“The sea itself already had a nacreous light that belonged more to the day than the darkness, and this light was reflected in the great convexities of the topsails, giving them the lustre of grey pearls.”
O’Brien also writes many spicy and funny lines, as when some of the Sophie’s men comment on the middle-aged Master’s obvious feeling for Jack: “Old Sodom and Gomorrah is sweet on Goldilocks.” Or as when Stephen looks forward to working on a patient: “It has been a long time since I felt the grind of bone under my saw.” Or as when Jack tells Stephen about the poor food he’ll have to endure till the Sophie can get better supplies: “Salt horse and Old Weevil’s wedding cake for most of the voyage, with four-water grog to wet it.”
There are also poignant lines about the difficulties we face in life, as when the conflicted Lieutenant James Dillon says to his fellow-Irishman Stephen, “We understood one another better before ever I opened my mouth.” Stephen himself has a philosophical turn of mind, and is often observing and then commenting on human and animal nature, as when he tries to explain to the straightforward Jack how a man might be torn between conflicting loyalties, or as when he intently observes the macabre copulation of a praying mantis couple, during which the male mounts the female and grasps her body with his legs, only to have her bite off his head and eat it, leaving his body still copulating, which leads Stephen to tell Jack that at times a woman doesn’t need a man’s head and heart. (The depiction of women in the novel is definitely done from a male point of view!)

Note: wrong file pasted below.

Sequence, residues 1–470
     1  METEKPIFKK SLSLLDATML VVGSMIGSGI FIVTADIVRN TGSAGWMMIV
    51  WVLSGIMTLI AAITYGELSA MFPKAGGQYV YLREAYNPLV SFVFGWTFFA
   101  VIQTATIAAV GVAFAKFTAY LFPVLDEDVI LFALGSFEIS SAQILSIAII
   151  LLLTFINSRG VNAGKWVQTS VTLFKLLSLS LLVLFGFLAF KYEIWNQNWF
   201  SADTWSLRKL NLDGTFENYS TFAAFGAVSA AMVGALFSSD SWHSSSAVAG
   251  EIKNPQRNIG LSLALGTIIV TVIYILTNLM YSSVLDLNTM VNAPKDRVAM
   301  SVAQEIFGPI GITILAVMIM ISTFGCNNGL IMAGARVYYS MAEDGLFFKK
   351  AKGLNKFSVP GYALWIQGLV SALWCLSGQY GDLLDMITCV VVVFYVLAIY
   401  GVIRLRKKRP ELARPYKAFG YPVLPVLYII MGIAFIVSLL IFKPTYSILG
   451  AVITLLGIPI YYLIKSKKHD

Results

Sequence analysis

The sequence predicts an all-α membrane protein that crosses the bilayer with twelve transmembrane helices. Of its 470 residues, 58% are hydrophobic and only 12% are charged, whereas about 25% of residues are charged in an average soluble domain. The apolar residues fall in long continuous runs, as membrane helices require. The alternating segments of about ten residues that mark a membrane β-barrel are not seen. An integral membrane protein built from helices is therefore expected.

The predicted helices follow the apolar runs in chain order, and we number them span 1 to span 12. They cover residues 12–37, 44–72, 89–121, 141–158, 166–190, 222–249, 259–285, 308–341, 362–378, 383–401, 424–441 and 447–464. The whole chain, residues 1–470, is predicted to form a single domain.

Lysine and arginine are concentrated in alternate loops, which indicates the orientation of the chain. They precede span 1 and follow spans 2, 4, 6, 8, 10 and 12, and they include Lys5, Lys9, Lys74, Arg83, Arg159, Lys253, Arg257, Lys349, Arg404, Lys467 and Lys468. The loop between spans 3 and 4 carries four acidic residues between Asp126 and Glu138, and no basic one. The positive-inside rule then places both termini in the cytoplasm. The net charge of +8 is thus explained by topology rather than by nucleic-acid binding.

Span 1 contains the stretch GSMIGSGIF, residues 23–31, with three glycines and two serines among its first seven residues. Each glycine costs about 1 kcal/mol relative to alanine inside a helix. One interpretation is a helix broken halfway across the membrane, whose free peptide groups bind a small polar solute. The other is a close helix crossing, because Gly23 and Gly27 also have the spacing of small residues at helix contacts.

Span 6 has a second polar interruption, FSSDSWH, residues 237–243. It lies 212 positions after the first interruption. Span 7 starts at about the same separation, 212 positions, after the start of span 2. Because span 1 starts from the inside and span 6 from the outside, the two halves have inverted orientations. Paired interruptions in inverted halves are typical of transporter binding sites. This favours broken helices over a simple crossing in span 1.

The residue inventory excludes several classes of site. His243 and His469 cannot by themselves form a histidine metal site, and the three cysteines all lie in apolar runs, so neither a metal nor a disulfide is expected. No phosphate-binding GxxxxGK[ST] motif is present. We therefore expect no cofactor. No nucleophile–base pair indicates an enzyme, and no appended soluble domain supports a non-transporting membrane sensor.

And of course there are plenty of nautical details in the novel, about the different ships in the age of sail, and of the different sails, masts, guns, crews, officers, punishments, techniques, procedures, protocols, strategies, food and drink, toilets, sleeping arrangements, and so on involved. Some of them remain opaque to land-lubber me, but many of them become more or less clear thanks to O’Brien’s device of inserting Stephen, a man with “no experience in naval matters,” into Jack’s world, so that he may ask questions and make comments on our behalf, so to speak, as when early in the novel he’s given a tour of the Sophie by a midshipman. Anyway, the nautical details never get in the way of the story, which is full of psychological and physical excitement, humor, relish, and suspense.
Ric Jerrom reads the novel with clarity, feeling, and wit, modifying his voice effectively for the different seamen, whether common or elite, English or foreign, old or young, drunk or sober, pleasant or nasty, and so on. He brings the book vividly to life.
Fans of the Hornblower or Lewrie books should enjoy Master and Commander, as should anyone who likes historical novels featuring compelling characters and authentic settings and exciting action.
The Aubrey-Maturin series is one of my favourite series of historical fiction. The historical backgrounds are well-researched and accurate, the plots intriguing, the writing superb. What's more, the stories are told with some humour, and with real love for the main characters which are thouroughly human and likeable despite (or because of) their faults. And there's plenty of naval warfare action, plus some science thrown in too. The narrator of this first book in the series is excellent, he strikes exactly the right tone of voice. I can't wait for the whole series to become available (*unabridged*!).